Jones reveals what kept him going during Dees’ darkest hours
Melbourne milestone man Nathan Jones admits the dream of retiring as a premiership player has sustained him through the club's darkest hours.
Jones will hit the magical 300-game milestone against Richmond on Saturday night after long conversations with coach Simon Goodwin over the off-season eventually saw him commit to a 16th AFL season.
Jones overcame achilles soreness during the COVID lockdown and then tore his quad once more in a disastrous 2020 campaign but still the fire burned.
Now he will celebrate the milestone in front of family and friends including children Bobbi and Remy, and wife Jerri, who is 16 weeks pregnant with twins.
She recently came forward about her battle with a trio of miscarriages, so for Jones this is a period full of emotion.
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But while the 300-game milestone is a highlight he said on Monday he only played on to help team success, not break the Melbourne games record held by Neitz (306 games).
"When I wanted to play on last year I had a good chat to Goody and it wasn't about reaching this milestone," he said.
"It was about playing in a successful team and contributing on and off-field to getting the group into a position where it is now," he said.
"In the time I have been here, I haven't even won three in a row and we have won five in a row so I am looking forward to Saturday night.
"I have been dreaming of that (fairytale premiership) my whole career, really.
"People say why do you stick around through difficult times, that dream was the thing that kept me alive, it kept driving me towards wanting to stick around.
"We got a taste of it back in 2018 (with a preliminary final) and I have been pretty bullish.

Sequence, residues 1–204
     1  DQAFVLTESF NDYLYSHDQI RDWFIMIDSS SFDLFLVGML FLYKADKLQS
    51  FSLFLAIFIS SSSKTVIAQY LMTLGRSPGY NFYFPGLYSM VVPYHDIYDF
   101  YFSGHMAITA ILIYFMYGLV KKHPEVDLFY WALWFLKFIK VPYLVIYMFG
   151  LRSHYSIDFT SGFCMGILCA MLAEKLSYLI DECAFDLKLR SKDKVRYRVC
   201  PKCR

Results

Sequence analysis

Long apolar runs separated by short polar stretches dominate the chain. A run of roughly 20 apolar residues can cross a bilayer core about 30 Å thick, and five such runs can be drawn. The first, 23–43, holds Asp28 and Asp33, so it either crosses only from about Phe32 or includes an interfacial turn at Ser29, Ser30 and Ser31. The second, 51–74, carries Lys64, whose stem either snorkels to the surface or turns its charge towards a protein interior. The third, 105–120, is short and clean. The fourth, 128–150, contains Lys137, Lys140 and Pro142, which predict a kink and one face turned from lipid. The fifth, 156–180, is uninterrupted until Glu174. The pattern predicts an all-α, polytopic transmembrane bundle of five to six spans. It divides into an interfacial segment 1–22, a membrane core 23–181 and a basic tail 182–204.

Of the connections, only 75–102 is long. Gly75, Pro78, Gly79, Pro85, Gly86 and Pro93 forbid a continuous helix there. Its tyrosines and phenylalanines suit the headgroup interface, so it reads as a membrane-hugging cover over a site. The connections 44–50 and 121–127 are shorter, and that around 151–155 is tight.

"I felt like if we got a few things right over summer, and I think we put the work in, and here we are.
"There is still a long way to go, but there are a lot of good vibes going on and we want to keep grabbing hold of it."
Jones has had eight AFL coaches including three interim coaches after mid-season sackings and almost as many chief executives in those turbulent years.
He is still yet to hit 100 victories, with 98 wins, three draws and 198 losses across those seasons.
"I never really considered leaving. But those years sucked," he said.
"When you get drafted, I was lucky to play finals in my first year and I was thinking, 'How good is this', and we finished second bottom the next year and won a handful of wooden spoons after that.
"I have got some good memories and good times and good friendships, but as far as footy every time you get knocked down how often can you get knocked back up.
"The dream was always, 'can you imagine what it would be like if we turned it around, can you imagine the Melbourne fans, can you imagine it'?"
Originally published as Jones reveals what kept him going during Dees' darkest hours